Fatima Burhan, Research Assistant, Europe & Central Asia – HRW – With news that four prisoners in Italy tested positive for COVID-19, the disease caused by the new coronavirus, bolder steps to protect the health of detainees and guards and alleviate overcrowding in its penitentiary system are all the more urgent.
On March 16, the government adopted a decree that, among other measures, will allow for early supervised release of prisoners with less than 18 months left to serve on their sentence. While an important measure, it doesn’t go far enough.
Patrizio Gonnella, head of Antigone, Italy’s leading prisoner rights organization, estimates the measure could lead to the release of at most 3,000 detainees. Yet Italy’s penitentiary system is, by the most conservative estimate, 120 percent over capacity, holding 61,230 prisoners with only 50,931 available beds.
In 2013, the European Court of Human Rights ordered Italy to take steps to alleviate overcrowding, including minimizing pretrial detention and greater recourse of alternatives to deprivation of liberty in sentencing.
There were riots in almost 50 prisons throughout Italy in early March linked to anxiety about COVID-19 and anger over restrictive measures imposed by prison authorities. The unrest led to 13 deaths among detainees and 59 injured guards. The prisoner deaths, which authorities attribute to overdoses after detainees raided prison pharmacies, are under investigation.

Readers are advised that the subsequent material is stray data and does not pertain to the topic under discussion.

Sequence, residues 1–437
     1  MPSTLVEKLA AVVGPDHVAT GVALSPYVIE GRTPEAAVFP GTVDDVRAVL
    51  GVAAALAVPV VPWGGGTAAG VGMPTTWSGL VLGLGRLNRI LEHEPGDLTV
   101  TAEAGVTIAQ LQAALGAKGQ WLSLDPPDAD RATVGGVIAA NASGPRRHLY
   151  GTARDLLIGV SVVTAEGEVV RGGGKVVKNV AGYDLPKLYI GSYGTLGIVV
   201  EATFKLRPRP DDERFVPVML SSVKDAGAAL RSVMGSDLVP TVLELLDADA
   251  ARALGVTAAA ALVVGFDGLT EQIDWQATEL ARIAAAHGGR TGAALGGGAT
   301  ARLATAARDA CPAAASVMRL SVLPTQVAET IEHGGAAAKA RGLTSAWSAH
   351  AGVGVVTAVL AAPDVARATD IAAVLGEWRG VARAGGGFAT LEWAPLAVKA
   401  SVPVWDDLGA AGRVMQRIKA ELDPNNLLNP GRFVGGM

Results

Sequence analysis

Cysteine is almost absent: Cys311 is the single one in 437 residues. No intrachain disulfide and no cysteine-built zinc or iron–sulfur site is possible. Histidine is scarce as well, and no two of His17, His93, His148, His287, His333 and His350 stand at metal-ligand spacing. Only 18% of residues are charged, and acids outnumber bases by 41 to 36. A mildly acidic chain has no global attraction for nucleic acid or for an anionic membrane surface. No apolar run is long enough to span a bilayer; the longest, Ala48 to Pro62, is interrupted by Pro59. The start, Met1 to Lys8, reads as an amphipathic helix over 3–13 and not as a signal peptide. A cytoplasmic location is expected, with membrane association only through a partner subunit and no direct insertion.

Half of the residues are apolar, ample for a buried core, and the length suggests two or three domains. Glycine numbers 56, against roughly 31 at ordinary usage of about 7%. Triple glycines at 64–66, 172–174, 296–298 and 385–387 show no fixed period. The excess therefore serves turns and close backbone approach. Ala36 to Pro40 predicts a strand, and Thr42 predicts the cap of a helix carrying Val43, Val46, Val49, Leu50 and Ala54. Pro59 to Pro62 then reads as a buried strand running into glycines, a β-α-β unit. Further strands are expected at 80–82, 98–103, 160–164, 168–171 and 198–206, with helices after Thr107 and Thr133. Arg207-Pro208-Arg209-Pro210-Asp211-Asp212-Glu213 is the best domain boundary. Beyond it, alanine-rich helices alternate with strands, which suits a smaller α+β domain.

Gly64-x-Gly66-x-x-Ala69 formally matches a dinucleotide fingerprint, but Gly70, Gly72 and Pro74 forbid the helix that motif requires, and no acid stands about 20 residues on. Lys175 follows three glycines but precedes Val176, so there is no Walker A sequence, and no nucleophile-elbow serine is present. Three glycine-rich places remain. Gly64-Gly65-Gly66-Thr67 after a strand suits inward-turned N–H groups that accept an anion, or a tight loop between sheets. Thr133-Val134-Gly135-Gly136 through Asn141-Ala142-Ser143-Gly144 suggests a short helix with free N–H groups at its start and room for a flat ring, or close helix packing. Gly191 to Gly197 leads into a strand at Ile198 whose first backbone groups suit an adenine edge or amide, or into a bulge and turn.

The outbreak is likely to increase isolation for prisoners. On March 8, as it was imposing restrictions on freedom of movement on the general population in northern Italy (later extended to the entire country), the Italian government ordered the suspension of outside visits, including by lawyers and family members, and limited the possibility for detainees to get probation and special permits to leave facilities. Defender of the Rights of Detained Persons Mauro Palma has stressed that prison authorities should guarantee to all detainees access to video calls as a substitute for visits.
In addition to taking steps to prevent or limit the outbreak of COVID-19 in prisons – like monitoring the temperature of everyone who enters and ensuring staff and detainees have masks and gloves and medical care for those who fall ill – authorities should consider further measures to reduce the overall prison population. This could include releasing those in pretrial detention for nonviolent and lesser offenses as well as older prisoners and prisoners with underlying health conditions who do not pose a risk to the general public. Prisoners’ health deserves protection.